BUYING STAR WARS MOVIE POSTERS
Buying Star Wars Movie Posters can be a tricky business. If you just like an image of a poster and you don't care about it as a collectible, then your best bet is to buy a reprint. It's more affordable and sometimes they look better than the originals. AllPosters.Com is one of many places that sell reprints. You shouldn't have any trouble finding them.
If you're looking for a vintage Star Wars poster as an investment, then it's time to get serious.
My personal preference is to buy a poster in person at a store or a convention. I like that because I can examine the poster myself and see what kind of condition it's in, if it's a fake, etc. You also have a better shot at getting a refund if you buy from a reputable dealer. However, finding a local movie poster dealer can be very difficult. More than likely there aren't too many near you. The next step is to go online.
Your best bet is to shop with a movie poster dealer online. Most of them will give you a refund if you're not satisfied or if the poster is destroyed in shipment. They're also usually pretty up-front about the quality. And if it's a new poster, you can be pretty sure it will be in good shape. The downside is that the price is usually set and you can't haggle for a lower price. Here are a few places I've dealt with:
Official Star Wars Shop - This is your best bet for getting posters for the NEW Star Wars movies. You'll get them here in the best condition and at the best prices. However, they tend to sell only the single sided posters and you often have to be a fan club member to get first shot at them.
Filmposter.com - Offers vintage posters, but unfortunately no images of them.
Rick's Movie Graphics - Great service, good selection, mid to high prices. A good poster store.
Cinema City - Good selection of vintage posters. Mid to high prices.
If you know of other good online stores, let us know.
The final option is online auctions. This is the most risky, but it not only offers you the widest selection of vintage Star Wars posters, but it gives you the best shot at getting a good deal. I prefer using E Bay. Here are some tips based on my own personal experiences:
- When a poster for the new movies hits E-Bay, don't rush to buy it. The prices will start extremely high, then lower over time. You'll find it cheaper later, guaranteed.
- Just because a dealer says a poster is not a fake, don't always believe them. They could either be lying or they genuinely don't know it's a fake. I've run across dealers who truly believed they had a real poster then I got it and discovered it was a fake. Educate yourself in advance and ask for photos of the merchandise. Make sure you can get a refund.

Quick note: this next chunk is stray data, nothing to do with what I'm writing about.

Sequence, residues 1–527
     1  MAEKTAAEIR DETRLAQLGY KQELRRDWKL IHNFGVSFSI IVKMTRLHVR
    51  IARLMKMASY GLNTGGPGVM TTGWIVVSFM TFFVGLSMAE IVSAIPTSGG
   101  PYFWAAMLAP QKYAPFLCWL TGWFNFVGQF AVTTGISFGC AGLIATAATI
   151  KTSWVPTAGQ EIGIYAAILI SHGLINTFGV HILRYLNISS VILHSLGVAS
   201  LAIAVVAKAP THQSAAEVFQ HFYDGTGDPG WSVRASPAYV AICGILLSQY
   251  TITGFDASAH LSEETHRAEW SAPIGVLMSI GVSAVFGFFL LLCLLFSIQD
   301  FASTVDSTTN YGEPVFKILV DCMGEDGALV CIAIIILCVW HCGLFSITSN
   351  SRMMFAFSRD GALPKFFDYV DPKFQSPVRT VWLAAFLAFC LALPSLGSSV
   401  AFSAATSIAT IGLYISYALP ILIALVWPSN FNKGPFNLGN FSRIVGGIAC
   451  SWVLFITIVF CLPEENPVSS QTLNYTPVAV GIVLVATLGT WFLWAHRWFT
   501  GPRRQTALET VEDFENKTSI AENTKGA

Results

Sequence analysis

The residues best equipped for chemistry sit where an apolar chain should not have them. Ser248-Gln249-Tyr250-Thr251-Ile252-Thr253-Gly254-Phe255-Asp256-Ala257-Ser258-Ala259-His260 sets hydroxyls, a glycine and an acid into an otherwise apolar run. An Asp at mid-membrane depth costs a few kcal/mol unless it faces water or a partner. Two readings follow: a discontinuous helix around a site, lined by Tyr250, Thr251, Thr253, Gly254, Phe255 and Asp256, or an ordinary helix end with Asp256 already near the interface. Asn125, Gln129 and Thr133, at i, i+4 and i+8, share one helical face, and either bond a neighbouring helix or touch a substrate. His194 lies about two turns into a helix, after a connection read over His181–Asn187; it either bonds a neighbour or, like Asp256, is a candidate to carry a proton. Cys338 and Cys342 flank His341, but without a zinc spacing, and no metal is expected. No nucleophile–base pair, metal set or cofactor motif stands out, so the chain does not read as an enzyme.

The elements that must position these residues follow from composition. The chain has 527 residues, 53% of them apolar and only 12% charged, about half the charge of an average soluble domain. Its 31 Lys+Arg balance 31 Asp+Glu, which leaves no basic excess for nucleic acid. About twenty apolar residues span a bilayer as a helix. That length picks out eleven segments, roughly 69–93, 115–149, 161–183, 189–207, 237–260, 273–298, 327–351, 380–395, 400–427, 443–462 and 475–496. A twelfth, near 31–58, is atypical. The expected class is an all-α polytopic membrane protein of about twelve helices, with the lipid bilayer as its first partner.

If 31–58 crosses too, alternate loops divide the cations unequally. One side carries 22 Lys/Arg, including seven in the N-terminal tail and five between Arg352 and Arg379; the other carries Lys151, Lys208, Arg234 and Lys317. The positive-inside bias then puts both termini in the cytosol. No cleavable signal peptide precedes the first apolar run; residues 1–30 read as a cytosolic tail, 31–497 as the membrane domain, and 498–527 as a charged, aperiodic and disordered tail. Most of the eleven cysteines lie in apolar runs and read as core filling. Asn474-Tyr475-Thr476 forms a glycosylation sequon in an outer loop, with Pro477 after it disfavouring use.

- Beware the packaging. Some dealers will ship a poster perfectly. I've had others who threw vintage posters loosely into flimsy cardboard tubes. Needless to say, the posters were destroyed. Never underestimate the ability of UPS, Fed Ex, or the Postal Service to destroy a tube.
- Get insurance. I've had posters destroyed. I've had poster tubes arrive that had been opened and were empty. I've had posters never arrive. This is important.
- I prefer to use Paypal. This way if the dealer is a crook I have both Paypal and my credit card company behind me in getting my money back. It's also a good thing to use when dealing with foriegn dealers. I've had only good experiences with foriegn dealers, but you need to be careful.
- Know which posters are rare. If you see a poster that hits E-Bay only once every few years, you'll know to fight hard for it. If you spot a hidden gem among the hundreds of entries, you'll know to snatch it up. If bidding starts getting out of hand on a common item, you'll know to back off.
- After an auction you've lost, contact the seller. Sometimes they might have another copy of the poster they'll sell to you if you got outbid.
- When doing searches on auctions, try different search keywords. Besides "Star Wars posters", also search for "Empire Strikes Back posters", "Return of the Jedi posters", etc etc etc. You may turn up auctions that many people have overlooked. Also make a point to look in the "Originals Non-US" for some good deals.
- Also, when searching, choose the "Any Country" option. You might find some fantastic rare international posters at the British or other international eBay sites. These are frequently overlooked by US bidders.
- I generally only bid on auctions with photos of the item. This helps me confirm what style it is and it gives me an idea of the condition.
- Make sure you're bidding on an original and not a reprint. Sometimes the auctions for the two get mixed up.
- Check the seller's ratings before buying, especially the buyers comments. I generally like to buy from established sellers. They're more likely to act professionally and send you the poster packed well.